Using .get() method within if statement

Hello,

I’m going through the solutions to the Abruptly Goblins project in Learn Python 3. I’m confused by this code below.

kimberly = {
    'name': "Kimberly Warner",
    'availability': ["Monday", "Tuesday", "Friday"]
}

For context, kimberly is a dictionary within a list called gamers, but that shouldn’t matter for the question here.

def add_gamer(gamer, gamers_list):
    if gamer.get("name") and gamer.get("availability"):
        gamers_list.append(gamer)
    else:
        print("Gamer missing critical information")

I’m confused because I thought the .get() method returns the value of the specified key in the argument. Since if statements only run when the condition(s) in the statement is True, how does this make sense? Wouldn’t it be like writing if 'Kimberly Warner' and '["Monday", "Tuesday", "Friday"]': ? This makes no sense and would produce an error if I’m not mistaken…?

Link to project: https://www.codecademy.com/courses/learn-python-3/informationals/python3-abruptly-goblins

That’s basically just checking if there exists the key "name" and "availability" in the dictionary. Because .get() returns None if the key you’re trying to access doesn’t exist, you can use it to check whether a key exists in a certain dictionary or not:

some_dict = {"hello": "world"}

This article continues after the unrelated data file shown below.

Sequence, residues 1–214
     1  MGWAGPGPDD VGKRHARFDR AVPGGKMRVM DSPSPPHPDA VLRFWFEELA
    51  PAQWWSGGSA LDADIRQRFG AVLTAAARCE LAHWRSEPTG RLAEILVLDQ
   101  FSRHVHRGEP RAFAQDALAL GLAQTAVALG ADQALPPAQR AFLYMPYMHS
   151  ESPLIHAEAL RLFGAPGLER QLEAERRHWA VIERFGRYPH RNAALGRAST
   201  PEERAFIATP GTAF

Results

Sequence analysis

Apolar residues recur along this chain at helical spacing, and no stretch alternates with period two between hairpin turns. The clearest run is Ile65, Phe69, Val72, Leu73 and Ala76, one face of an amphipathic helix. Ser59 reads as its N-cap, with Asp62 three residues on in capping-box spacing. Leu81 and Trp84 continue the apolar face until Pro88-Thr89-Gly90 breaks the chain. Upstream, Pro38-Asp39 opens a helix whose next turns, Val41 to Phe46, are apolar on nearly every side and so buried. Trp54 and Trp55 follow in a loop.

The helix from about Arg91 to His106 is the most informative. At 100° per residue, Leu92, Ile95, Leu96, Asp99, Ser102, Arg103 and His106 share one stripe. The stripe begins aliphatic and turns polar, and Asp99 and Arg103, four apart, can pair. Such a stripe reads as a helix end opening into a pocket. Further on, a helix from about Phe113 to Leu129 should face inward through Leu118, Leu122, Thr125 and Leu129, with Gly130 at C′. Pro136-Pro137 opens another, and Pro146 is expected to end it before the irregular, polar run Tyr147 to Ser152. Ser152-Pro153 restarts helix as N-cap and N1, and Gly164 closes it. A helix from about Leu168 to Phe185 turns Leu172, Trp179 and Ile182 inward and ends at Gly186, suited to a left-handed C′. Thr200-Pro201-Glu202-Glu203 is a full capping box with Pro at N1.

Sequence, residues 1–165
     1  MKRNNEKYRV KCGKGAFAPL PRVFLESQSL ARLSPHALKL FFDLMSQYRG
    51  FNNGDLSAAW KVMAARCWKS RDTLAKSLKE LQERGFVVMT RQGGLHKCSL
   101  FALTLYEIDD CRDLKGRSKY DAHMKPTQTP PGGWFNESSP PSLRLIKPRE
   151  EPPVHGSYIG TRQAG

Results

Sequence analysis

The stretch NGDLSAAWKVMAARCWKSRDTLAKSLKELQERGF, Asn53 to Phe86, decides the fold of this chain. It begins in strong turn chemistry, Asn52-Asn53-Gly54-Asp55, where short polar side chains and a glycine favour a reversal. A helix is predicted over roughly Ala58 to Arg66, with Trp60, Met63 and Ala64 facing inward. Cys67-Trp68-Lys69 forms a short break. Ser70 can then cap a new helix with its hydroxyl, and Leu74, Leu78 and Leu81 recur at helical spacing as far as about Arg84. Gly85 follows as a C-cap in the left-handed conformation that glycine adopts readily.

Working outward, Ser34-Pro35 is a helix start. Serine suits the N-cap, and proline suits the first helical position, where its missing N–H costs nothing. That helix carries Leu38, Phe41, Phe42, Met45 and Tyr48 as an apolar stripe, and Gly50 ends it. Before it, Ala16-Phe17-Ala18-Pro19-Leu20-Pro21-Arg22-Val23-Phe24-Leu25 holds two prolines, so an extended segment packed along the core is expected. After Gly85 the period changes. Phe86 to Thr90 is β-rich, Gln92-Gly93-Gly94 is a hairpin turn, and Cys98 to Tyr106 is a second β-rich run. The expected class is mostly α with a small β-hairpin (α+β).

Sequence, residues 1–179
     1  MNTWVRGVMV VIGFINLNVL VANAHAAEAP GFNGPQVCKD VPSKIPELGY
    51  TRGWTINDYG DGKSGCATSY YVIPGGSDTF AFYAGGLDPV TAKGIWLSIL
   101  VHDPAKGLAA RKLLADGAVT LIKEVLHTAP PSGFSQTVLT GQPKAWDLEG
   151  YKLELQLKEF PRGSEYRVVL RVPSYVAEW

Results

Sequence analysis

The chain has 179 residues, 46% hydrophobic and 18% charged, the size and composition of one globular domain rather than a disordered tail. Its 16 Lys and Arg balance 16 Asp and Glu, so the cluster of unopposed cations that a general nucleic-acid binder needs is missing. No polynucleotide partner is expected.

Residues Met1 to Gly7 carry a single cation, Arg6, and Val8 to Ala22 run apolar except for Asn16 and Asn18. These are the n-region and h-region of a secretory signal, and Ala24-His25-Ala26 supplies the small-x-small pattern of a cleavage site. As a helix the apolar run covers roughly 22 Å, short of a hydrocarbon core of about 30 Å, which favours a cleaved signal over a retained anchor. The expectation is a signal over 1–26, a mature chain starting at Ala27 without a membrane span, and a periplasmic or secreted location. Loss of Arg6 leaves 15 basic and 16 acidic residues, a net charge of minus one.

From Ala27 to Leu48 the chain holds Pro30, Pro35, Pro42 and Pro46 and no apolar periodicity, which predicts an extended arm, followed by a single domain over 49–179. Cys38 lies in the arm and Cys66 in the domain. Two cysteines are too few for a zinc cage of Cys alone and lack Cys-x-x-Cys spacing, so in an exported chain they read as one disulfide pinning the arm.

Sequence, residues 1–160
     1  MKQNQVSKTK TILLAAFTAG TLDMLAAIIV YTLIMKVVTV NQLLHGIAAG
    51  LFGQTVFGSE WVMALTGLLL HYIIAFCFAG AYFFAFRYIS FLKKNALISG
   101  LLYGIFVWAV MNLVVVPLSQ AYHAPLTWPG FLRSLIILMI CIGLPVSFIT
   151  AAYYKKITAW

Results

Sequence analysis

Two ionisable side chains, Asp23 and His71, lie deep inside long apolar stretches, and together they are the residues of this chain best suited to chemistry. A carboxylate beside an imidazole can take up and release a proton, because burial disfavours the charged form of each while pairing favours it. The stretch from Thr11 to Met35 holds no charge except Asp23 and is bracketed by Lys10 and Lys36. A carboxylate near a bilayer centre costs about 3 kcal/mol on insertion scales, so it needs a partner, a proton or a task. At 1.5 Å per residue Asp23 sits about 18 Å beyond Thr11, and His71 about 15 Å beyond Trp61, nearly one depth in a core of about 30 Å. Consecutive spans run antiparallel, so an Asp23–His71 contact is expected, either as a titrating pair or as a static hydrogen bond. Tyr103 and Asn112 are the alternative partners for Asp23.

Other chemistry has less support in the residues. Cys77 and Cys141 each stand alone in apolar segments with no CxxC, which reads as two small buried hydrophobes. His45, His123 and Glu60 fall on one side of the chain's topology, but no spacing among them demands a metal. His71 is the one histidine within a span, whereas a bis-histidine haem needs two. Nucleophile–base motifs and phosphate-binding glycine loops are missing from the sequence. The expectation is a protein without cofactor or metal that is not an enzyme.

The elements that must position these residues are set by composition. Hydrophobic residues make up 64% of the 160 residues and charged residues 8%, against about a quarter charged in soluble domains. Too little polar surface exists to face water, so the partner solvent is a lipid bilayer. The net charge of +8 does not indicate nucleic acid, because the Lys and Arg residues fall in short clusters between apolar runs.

print(some_dict.get("hello") #output: world
print(some_dict.get("hi") #output: None

That works because every object’s value can be evaluated as either “truthy” or “falsy”. A truthy value is a value that, if cast to a bool, would return true (and vice-versa with falsy values). Because None is a falsy value, if either key does not exist in the dictionary, the if block won’t run:

some_dict = {"hello": "world"}
print(bool(some_dict.get("hi")))
#output: False, because None is a falsy value

I hope this helps!

Bear in mind that get() is falsy only when the attribute does not exist. If the attribute exists, its value can still be falsy. This potential for discrepancy of interpretation should be made transparent.

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I find this answer to be very “truthy”.

Thanks for the quick reply!

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True enough; sorry! I meant that everything in Python can be evaluated as truthy or falsy, for example: all strings are either truthy or falsy, etc.

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